The Friday Funny: Focusing on the important things in planning major initiatives

Evaluation is not just something we do at the end of a program, nor only impact evaluation. Some forms of evaluation are needed at the beginning of new interventions to inform the planning – evaluations in the form of needs analyses, situation analyses (which assess strengths as well as gaps), and reviews of the evidence about effective interventions that are appropriate for these situations.

For these types of evaluations, as with any evaluation, the process and format of reporting can be critically important in ensuring appropriate utilization of the evaluation findings.

This week’s Friday Funny comes from the Australian TV series “The Hollow Men“. This episode describes plans to announce a major new federal government initiative (remember the days when government were announcing new ways of spending money, not new ways of cutting back?), and shows very clearly the most important features of the reporting.

5 comments to The Friday Funny: Focusing on the important things in planning major initiatives

  • Dugan Fraser

    As a fresh escapeee from the bowels of Government, I love this.

    I’m currently designing an evaluation strategy for an “initiative” that is “too grand a vision to be bogged down in detail” and I must say, it’s quite a big job. If I could only get my head around what the key evaluation questions are, things would be easier, but very (VERY!) important technocrats have more pressing things to do than talk to evaluation consultants…

  • Fred Carden

    It is always useful – and humbling – to be reminded of the relative importance of evidence in decisions….

  • Michael Q Patton

    Saturday Sadness post to follow the Friday Funny, to wit:

    The US is facing the opposite of the scenario portrayed in the very clever “Hollow Men” initiative: a $150 billion cut. In today’s NY Times, columnist David Brooks writes about several well-evaluated, high impact programs whose leaders believe that positive evaluation results will save their programs. He offers a contrary, dismal view, not very funny, I”m afraid. He writes:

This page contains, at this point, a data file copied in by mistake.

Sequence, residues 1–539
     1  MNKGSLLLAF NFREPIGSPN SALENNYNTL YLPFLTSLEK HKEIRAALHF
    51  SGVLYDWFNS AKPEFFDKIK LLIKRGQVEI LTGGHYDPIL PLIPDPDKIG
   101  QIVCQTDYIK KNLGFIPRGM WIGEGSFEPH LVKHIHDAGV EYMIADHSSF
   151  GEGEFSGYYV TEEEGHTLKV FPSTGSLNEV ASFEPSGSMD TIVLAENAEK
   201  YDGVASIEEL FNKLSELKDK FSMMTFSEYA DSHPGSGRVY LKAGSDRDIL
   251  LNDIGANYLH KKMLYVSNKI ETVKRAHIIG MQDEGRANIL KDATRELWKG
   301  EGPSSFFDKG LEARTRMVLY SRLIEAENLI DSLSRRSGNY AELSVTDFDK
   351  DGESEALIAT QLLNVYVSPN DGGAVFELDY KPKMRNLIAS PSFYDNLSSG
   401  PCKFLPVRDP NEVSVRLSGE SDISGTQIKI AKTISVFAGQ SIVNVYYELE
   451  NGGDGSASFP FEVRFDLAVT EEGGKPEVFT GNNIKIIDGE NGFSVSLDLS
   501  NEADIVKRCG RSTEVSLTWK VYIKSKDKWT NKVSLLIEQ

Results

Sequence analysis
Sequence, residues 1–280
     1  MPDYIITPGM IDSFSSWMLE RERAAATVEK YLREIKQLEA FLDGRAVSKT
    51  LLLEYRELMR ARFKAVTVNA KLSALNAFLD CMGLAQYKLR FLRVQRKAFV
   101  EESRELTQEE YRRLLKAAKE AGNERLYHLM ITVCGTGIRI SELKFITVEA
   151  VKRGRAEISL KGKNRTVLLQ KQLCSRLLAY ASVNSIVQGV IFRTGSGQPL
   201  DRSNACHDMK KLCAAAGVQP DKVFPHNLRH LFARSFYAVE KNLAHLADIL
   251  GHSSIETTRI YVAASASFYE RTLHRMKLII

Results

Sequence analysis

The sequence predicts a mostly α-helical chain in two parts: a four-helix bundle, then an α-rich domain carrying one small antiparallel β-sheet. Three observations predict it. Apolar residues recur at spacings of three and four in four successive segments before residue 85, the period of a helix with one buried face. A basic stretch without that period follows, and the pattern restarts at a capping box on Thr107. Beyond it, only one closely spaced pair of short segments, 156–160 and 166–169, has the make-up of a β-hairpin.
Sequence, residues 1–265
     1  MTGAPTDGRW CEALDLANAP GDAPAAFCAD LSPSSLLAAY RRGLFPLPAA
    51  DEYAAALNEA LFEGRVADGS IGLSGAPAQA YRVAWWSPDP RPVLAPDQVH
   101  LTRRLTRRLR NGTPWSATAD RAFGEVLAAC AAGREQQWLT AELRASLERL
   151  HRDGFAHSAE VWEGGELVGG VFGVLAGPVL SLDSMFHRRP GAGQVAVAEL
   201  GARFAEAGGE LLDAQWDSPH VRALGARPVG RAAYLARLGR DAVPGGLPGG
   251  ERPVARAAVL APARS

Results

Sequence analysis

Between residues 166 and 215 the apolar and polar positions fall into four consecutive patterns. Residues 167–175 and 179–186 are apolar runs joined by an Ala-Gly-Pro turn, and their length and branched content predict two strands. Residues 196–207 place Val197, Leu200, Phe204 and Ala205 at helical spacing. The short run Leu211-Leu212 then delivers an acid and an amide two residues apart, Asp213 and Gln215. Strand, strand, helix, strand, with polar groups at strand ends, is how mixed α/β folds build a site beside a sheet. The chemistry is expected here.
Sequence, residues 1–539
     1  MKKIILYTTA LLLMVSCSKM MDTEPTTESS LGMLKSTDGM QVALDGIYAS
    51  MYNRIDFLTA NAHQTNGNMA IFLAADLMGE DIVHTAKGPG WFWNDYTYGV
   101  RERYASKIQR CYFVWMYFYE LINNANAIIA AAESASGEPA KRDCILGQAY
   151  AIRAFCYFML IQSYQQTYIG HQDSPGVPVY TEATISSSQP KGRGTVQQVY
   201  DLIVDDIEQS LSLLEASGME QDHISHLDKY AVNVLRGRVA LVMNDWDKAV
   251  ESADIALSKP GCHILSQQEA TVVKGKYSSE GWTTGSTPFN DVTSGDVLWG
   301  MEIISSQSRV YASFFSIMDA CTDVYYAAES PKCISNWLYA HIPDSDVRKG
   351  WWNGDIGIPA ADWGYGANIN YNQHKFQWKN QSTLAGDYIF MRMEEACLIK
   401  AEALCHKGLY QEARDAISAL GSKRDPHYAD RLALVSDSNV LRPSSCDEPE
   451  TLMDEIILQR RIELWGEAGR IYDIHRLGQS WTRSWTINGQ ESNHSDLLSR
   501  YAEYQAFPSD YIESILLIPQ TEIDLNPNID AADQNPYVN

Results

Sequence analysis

“I have to say, many of these great people are suffering under a misimpression. They assume that if they can only persuade enough people that their programs are producing tremendous results then they will be spared from the budget ax.

    “They are wrong about that. The coming budget cuts have nothing to do with merit. They have to do with the inexorable logic of mathematics. Over the past decades, spending in nearly every section of the federal budget has exploded to unsustainable levels.”

    If he is right, the evaluation implications are dramatic: “The coming budget cuts have nothing to do with merit.”

  • Great, but almost painfull to watch, its so close to the bone, :-((

    Admission: I have myself suggested a DFID activity be named an “initiative”, back in 1996 (Is that far enough in the past for me to be forgiven?)

    I have often wondered what would happen if proposals for projects/initiatives had to pass an evaluablity test, before getting approved and funded. Not evaluable = not funded. Perhaps in a parallel universe…?

  • As a clean escapeee from the bowels of Govt, I really like this.

    I’m currently developing an assessment way of an “initiative” that is “too huge a perspective to be stalled in detail” and I must say, it’s quite a big job. If I could only get my go around what the key assessment concerns are, factors would be simpler, but very (VERY!) essential technocrats have more pushing factors you can do than discuss to assessment consultants…